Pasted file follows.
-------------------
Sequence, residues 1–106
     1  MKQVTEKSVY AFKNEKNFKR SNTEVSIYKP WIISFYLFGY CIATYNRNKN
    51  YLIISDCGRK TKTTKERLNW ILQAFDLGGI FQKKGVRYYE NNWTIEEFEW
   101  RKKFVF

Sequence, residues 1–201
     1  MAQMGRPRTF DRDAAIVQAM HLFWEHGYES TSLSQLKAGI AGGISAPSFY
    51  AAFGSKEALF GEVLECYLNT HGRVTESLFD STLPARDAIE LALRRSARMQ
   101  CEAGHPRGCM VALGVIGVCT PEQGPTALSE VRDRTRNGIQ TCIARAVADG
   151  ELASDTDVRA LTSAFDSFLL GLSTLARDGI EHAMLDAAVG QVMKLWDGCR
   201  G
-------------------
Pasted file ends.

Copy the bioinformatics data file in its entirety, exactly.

Sequence, residues 1–106
     1  MKQVTEKSVY AFKNEKNFKR SNTEVSIYKP WIISFYLFGY CIATYNRNKN
    51  YLIISDCGRK TKTTKERLNW ILQAFDLGGI FQKKGVRYYE NNWTIEEFEW
   101  RKKFVF

Sequence, residues 1–201
     1  MAQMGRPRTF DRDAAIVQAM HLFWEHGYES TSLSQLKAGI AGGISAPSFY
    51  AAFGSKEALF GEVLECYLNT HGRVTESLFD STLPARDAIE LALRRSARMQ
   101  CEAGHPRGCM VALGVIGVCT PEQGPTALSE VRDRTRNGIQ TCIARAVADG
   151  ELASDTDVRA LTSAFDSFLL GLSTLARDGI EHAMLDAAVG QVMKLWDGCR
   201  G